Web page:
Amazing time lapse footage shows the complexity of the build over three days with some 300 individual bones being pieced together to make up the massive skeleton.
Now the big build is complete and Kelvin Hall is ready to welcome the public to the T. rex in Town exhibition from Thursday 18 April.
With ferocious teeth and short arms, the Tyrannosaurus rex is probably the most well-known dinosaur in the world.
The 66 to 67-million-year-old T. rex female is 39-foot long, around 13 feet high and weighs a colossal 5,000 kg.
The iconic dinosaur has spent the last year touring European countries as part of an interactive and educational exhibition, T. rex in Town , which explains the story of her life and discovery of her skeleton.
She is currently the only real T. rex on tour in the world while her museum in the Netherlands is being redeveloped. Over a million people have already visited the exciting interactive exhibition across Europe.
Trix will be in Glasgow for 15 weeks until 31 July 2019. The T. rex’s visit to Glasgow’s Kelvin Hall is the only city in the UK or Ireland to be visited by Trix. After her Scottish stop off she will return to Naturalis Biodiversity Center in her home city of Leiden, in the Netherlands. Once her visit to Glasgow is finished it is unlikely she will go on tour again.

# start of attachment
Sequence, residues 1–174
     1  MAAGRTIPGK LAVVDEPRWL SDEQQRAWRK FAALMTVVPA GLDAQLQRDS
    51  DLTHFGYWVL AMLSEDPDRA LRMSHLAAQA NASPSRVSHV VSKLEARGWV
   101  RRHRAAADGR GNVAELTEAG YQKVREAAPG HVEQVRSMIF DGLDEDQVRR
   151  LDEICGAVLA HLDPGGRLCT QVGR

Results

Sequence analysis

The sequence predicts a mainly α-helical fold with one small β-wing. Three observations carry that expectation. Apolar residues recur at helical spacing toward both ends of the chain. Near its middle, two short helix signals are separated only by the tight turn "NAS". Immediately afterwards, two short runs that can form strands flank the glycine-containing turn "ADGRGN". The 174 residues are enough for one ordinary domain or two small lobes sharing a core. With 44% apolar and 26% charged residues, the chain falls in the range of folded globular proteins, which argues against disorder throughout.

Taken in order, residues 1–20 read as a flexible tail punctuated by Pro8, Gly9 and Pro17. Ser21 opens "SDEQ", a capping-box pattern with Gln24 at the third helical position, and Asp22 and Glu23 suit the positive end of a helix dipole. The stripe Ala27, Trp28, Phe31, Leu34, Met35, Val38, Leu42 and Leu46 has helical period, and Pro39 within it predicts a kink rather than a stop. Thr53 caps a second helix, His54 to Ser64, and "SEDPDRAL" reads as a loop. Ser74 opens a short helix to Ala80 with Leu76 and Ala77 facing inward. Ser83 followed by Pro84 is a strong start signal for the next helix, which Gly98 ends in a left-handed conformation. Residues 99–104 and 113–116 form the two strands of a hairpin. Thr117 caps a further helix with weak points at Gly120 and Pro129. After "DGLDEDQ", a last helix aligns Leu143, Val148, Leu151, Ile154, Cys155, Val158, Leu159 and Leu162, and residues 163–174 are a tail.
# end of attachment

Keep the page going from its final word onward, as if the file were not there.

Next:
Trix’s arrival at Kelvin Hall positions the west end of Glasgow as the dinosaur capital of Scotland! T. rex in Town overlaps with the final weeks of Dippy on Tour from the Natural History Museum at Kelvingrove Art Gallery and Museum, just across the road from Kelvin Hall.
T.rex in Town - Factfile
- Trix is a female Tyrannosaurus rex.
- She weights 5000kg (or five tonnes).
- She is 39ft (12 metres) long & 13ft to 16ft (or 4-5 metres) tall.
- She is thought to be at least 30-years-old when she died - making Trix the oldest T.rex skeleton ever found.
- The T. rex is one of the biggest predators to have ever walked the planet.
- Trix lived 66 to 67 million years ago in what is now western North America, on what was then an island continent known as Laramidia.
- The fossil was excavated in 2013 in the US state of Montana by a team from the Naturalis Biodiversity Centre in the Dutch city of Leiden.
- The excavation of Trix took place from 30 August to 8 September 2013.
- With almost 80% of her bones found and their unique quality, Trix places in the top three ranking of the most complete T. rex skeletons in the world.
- Trix has her own passport issued by the Dutch authorities when she was transported from the USA to Holland.
Trix will be on display at Kelvin Hall from Thursday 18 April to 31 July 2019. The T. rex in Town exhibition is organised by The Hunterian at the University of Glasgow and Glasgow Museums and has been supplied by Naturalis.
Tickets for the major dinosaur attraction and interactive exhibition are available now kelvinhall.org.uk/trex/ , Tickets £14 £8, family ticket £39.50. Concessions are also available.